• [0028]
    As the fibre is always coupled to the laser source required by the therapy, the method also allows immediate checking of the constructed microlens, for example by observing the distribution of the output light from the fibre on a simple screen (possibly able to detect infrared radiation).

Claims (12)

  1. 1. A method for constructing microlens ends for optical fibres, particularly for biomedical and/or surgical use, characterised by propagating within the optical fibre a radiation of the type used during the application of the fibre itself, and to which said fibre is transparent, and converting the wavelength of said radiation, outside the fibre and in proximity to its output end, which has been previously cut along a plane orthogonal to its axis, into a band of wavelengths which can be absorbed by said fibre, for a time sufficient to cause localised fusion of said end.
  2. 2. A method as claimed in claim 1, characterised by. placing the fibre end facing a material which absorbs the radiation transmitted by said fibre and reflects the converted radiation towards said end.
  3. 3. A method as claimed in claims 1 and 2, characterised by placing the fibre end facing a material containing iron oxide.
  4. 4. A method as claimed in claims 1, 2 and 3, characterised by placing the fibre end facing a material containing iron oxide in a quantity of between 5% and 30% by weight.
  5. 5. A method as claimed in claims 1 and 2, characterised by placing the fibre end facing a material in which a microcrater forms due to absorption of the radiation transmitted by the fibre, and reflects the converted radiation towards the fibre end.
  6. 6. A method as claimed in one or more of claims 1 to 5, characterised in that the lens radius of curvature is varied by varying the exposure time.
  7. 7. A method as claimed in one or more of claims 1 to 5, characterised in that the lens radius of curvature is varied by varying the output power of the transmitted radiation.
  8. 8. A method as claimed in one or more of claims 1 to 5, characterised in that the lens radius of curvature is varied by varying the distance between the fibre end and the material which converts the transmitted radiation.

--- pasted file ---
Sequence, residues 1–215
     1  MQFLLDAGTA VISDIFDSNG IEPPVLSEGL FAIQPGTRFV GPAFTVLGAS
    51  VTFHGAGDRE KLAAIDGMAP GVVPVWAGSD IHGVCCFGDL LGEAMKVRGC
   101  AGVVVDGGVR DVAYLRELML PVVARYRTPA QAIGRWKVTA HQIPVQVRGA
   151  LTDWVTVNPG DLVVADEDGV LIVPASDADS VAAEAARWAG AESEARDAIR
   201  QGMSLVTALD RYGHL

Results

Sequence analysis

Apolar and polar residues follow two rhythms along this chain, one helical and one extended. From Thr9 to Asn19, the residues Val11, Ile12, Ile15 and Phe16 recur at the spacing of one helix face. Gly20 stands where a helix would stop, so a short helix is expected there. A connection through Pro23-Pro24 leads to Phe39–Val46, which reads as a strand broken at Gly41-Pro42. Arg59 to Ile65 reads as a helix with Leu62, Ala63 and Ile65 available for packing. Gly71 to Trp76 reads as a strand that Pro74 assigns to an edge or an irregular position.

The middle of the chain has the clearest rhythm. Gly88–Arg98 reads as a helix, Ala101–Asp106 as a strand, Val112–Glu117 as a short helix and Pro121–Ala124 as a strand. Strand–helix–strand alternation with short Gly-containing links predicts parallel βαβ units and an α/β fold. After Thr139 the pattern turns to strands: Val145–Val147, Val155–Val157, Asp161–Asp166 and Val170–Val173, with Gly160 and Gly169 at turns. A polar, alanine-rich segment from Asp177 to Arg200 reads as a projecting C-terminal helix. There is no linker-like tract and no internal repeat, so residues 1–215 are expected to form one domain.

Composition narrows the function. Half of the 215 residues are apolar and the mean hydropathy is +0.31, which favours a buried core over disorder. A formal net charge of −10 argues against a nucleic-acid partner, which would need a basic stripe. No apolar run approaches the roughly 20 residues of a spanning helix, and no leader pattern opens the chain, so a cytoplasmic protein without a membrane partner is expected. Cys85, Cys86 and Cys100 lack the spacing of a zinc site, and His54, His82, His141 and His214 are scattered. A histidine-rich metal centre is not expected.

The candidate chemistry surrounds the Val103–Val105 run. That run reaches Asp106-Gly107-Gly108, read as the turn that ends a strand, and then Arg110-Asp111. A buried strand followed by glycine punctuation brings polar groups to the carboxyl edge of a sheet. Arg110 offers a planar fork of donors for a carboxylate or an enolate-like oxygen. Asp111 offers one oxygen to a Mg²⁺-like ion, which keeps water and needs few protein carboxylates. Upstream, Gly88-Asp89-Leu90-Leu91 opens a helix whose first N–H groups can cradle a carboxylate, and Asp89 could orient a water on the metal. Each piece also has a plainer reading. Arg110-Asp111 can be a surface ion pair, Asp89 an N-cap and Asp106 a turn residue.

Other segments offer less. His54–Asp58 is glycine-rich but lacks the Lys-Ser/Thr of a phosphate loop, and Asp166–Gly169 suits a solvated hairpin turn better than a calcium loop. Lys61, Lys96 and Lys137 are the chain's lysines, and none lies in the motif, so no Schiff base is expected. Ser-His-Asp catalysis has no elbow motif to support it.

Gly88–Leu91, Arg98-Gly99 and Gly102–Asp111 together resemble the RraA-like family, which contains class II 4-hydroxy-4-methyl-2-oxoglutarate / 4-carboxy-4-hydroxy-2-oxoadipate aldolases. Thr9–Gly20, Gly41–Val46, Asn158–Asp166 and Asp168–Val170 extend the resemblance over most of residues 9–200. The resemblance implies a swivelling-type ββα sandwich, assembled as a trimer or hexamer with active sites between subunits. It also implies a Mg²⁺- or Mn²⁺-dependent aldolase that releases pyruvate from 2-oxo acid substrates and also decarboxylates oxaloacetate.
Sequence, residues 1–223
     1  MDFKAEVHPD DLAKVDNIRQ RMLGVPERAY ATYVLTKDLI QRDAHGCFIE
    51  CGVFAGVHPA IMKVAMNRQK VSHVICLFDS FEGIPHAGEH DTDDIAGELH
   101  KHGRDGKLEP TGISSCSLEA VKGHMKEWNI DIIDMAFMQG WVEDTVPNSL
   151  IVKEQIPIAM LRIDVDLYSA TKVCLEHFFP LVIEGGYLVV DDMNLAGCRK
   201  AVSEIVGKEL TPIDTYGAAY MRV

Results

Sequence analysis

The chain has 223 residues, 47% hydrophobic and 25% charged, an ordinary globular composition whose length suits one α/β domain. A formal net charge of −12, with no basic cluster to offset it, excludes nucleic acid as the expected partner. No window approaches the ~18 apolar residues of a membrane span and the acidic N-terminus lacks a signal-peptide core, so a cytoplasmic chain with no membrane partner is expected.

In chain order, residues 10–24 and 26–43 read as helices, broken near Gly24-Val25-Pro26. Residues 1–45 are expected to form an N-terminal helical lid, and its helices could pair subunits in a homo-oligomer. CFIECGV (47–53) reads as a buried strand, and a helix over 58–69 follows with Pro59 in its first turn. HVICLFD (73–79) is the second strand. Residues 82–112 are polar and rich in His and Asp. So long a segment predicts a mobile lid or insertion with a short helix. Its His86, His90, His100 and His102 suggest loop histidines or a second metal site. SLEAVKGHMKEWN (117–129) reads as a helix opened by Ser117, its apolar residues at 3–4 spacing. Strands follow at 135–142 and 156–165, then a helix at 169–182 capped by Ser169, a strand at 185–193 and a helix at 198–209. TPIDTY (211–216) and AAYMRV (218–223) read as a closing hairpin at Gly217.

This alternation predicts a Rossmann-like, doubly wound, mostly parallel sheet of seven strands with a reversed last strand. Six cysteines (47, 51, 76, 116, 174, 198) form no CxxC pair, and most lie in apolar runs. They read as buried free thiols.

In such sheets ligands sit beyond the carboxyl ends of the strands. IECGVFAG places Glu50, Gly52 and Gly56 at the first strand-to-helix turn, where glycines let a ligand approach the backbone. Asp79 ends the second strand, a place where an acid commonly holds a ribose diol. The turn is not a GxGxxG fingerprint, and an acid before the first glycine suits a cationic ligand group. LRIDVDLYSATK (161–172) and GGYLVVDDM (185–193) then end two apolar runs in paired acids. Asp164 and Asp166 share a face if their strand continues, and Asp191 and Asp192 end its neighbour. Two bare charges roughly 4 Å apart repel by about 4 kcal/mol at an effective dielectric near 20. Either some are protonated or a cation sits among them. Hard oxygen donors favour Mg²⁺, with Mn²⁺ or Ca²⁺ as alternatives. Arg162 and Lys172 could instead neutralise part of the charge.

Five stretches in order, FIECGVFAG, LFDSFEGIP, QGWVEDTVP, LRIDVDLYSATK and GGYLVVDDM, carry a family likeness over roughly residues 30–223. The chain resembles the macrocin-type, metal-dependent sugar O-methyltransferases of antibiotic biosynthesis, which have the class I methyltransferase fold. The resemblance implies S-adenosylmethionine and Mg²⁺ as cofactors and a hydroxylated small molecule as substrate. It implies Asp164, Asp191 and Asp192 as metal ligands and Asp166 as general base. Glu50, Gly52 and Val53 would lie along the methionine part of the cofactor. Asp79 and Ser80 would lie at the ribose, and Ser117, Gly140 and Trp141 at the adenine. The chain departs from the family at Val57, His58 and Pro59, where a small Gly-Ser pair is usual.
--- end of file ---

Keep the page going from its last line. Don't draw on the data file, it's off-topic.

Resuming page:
9. 9. A method as claimed in one or more of claims 1, 2 and 3, characterised in that the lens radius of curvature is varied by varying the percentage of iron oxide in the material facing the fibre tip.
  10. 10. A device for implementing the method as claimed in one or more of claims 1 to 9, characterised by comprising a block of material which converts the radiation and is provided with a flat surface, a support which keeps the fibre orthogonal to said flat surface and with its previously cut end facing said flat surface, and means for varying in a controlled manner the distance between the fibre end and the flat surface of the block of material.
  11. 11. A device as claimed in claim 10, characterised by comprising a metal base, a layer of material which effects the radiation conversion and is mounted on a block for fixing to said base, and a fibre support provided with a system for the micrometric regulation of the distance of the fibre end from said layer.
  12. 12. A device as claimed in claim 11, characterised by comprising a layer of kaolin containing iron oxide in a quantity of between 5% and 30% by weight.
EP19840112115 1983-10-25 1984-10-10 Method for constructing microlens ends for optical fibres, particularly for biomedical and/or surgical use, and device for implementing the method Withdrawn EP0142026A3 (en)